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Diesel Master
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Discussion Starter · #1 · (Edited)
If the problem is electrical then chances are you can troubleshoot the problem yourself. The torque converter has a torque converter clutch. It is this clutch that provides the mechanical coupling from the engine to the transmission.
The Computer commands this clutch through the torque converter solenoid. The TCC solenoid actuates pilot pressure and sends it to the pump. The pump (in short) puts the pressure on this plate that some call a piston.
The Torque converter itself can get way too hot. By design in the automotive industry has the TCC lockup at highway speeds. It increases fuel economy and allows for a mechanical lockup.
There are certain checks you can conduct to determine what is going wrong if are not going into Overdrive mechanical lockup.

I will never recommend modifying the TCC to manually control to when it engages and as to when it disengages. One of the main reasons is transmission protection. There is a reason why the computer takes you out of OD.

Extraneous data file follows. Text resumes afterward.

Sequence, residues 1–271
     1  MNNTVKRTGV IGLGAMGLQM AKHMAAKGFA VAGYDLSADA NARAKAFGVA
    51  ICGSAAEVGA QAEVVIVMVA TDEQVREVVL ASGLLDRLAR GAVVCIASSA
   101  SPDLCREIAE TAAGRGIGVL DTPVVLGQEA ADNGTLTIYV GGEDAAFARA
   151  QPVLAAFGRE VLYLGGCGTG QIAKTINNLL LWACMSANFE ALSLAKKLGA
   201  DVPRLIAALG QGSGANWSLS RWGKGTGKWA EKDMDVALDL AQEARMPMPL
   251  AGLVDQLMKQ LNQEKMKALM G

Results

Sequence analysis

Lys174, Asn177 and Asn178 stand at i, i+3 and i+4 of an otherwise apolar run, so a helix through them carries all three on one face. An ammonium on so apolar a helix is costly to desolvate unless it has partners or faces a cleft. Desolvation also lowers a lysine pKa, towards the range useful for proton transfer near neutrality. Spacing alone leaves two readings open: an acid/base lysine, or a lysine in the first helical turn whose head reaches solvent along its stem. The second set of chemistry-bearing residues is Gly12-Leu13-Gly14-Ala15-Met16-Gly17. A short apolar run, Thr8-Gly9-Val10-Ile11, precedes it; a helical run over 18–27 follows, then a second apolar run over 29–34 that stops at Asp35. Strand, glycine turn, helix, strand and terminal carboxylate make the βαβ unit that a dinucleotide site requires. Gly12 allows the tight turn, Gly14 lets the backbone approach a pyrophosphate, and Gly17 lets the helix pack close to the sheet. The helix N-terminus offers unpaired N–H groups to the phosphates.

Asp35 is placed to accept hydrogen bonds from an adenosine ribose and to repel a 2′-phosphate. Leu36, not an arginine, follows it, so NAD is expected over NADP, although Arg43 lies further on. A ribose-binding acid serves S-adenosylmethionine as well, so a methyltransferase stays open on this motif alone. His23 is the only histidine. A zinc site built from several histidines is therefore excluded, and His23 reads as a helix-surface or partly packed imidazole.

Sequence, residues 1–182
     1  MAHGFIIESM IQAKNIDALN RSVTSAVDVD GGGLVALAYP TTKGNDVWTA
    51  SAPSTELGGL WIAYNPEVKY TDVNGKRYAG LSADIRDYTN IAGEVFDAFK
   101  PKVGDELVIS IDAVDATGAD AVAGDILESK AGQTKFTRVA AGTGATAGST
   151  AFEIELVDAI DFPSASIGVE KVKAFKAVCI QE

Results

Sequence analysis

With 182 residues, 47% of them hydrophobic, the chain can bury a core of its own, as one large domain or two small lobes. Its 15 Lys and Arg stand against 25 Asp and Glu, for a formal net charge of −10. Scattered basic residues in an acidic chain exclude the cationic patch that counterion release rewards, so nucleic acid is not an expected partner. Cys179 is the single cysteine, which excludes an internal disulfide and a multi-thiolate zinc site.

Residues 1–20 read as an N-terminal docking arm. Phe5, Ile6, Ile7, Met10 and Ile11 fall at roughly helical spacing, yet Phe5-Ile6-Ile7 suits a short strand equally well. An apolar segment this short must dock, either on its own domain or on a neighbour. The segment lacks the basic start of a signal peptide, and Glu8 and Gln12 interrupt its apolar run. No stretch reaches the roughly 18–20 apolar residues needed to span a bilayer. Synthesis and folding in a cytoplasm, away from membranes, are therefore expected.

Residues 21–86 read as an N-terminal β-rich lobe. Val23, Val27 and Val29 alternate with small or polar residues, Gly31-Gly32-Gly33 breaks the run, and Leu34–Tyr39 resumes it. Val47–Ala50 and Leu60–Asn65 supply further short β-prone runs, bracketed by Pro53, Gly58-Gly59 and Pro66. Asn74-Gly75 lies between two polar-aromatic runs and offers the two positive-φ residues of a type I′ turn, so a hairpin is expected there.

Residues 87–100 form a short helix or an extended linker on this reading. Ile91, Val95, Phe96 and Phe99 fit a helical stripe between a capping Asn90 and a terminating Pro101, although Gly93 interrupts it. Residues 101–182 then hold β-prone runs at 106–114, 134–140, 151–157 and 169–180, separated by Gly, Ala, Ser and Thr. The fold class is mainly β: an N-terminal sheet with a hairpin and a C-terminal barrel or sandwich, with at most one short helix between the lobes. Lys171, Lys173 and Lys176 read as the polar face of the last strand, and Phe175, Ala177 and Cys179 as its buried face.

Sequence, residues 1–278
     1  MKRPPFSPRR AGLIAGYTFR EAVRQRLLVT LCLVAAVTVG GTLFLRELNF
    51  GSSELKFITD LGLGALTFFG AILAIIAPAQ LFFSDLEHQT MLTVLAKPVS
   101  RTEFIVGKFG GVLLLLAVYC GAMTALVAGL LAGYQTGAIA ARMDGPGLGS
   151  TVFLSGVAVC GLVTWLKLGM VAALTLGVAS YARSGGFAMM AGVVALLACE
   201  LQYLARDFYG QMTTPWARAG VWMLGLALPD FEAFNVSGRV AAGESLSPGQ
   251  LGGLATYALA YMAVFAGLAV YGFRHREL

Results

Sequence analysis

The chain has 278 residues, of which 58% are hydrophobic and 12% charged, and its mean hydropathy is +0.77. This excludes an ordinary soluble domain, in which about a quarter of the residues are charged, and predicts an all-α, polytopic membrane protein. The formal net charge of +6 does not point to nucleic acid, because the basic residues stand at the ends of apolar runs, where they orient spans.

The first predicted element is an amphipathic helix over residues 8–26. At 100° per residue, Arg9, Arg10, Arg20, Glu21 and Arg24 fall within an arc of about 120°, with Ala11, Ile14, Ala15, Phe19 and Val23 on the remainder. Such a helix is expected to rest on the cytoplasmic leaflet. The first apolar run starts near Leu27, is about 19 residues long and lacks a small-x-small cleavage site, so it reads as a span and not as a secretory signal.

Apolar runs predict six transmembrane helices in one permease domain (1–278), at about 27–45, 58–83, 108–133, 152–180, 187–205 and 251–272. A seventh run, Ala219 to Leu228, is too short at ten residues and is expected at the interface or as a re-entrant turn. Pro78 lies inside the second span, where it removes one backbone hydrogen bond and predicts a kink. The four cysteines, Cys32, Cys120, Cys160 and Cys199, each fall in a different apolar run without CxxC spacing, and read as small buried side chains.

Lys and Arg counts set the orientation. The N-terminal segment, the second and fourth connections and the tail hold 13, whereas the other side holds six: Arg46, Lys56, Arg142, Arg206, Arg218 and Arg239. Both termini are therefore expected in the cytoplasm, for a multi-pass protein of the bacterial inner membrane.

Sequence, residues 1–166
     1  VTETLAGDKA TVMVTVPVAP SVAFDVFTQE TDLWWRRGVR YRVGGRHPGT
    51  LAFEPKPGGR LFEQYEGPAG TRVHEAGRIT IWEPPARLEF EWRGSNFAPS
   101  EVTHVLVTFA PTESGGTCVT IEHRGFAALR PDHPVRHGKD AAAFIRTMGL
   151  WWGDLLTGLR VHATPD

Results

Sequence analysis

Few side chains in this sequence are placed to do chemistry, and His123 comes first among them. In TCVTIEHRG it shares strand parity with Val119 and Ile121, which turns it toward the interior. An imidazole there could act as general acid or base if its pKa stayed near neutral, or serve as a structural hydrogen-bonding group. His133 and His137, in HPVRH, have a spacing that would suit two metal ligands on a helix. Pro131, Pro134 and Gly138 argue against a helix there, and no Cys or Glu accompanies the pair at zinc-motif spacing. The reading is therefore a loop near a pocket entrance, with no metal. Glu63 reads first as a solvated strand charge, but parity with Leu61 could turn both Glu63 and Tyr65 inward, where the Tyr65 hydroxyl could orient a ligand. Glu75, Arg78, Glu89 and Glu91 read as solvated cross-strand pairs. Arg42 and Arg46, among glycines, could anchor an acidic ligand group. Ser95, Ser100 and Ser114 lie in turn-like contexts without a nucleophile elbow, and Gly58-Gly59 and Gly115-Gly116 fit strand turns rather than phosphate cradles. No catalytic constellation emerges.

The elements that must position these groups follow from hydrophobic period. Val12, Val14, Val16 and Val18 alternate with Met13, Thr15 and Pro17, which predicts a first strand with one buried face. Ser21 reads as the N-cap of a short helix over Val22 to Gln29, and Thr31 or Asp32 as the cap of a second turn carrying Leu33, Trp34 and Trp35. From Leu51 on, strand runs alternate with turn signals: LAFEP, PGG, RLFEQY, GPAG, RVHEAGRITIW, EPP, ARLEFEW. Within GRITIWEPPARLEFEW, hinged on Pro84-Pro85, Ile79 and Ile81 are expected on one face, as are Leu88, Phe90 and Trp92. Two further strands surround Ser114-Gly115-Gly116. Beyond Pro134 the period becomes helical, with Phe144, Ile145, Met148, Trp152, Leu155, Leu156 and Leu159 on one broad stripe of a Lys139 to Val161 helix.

The TCC Stands for Torque Converter Clutch. It is a flat disk with abrasive material.

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Pictured below is the TCC solenoid. You will see three bolts. Between the second and the third bolt and down to the edge of the valve body is is the TCC solenoid. It is the smaller of the two. The solenoid to the left is the Pressure control solenoid. Its job is to control pressure as the computer commands it.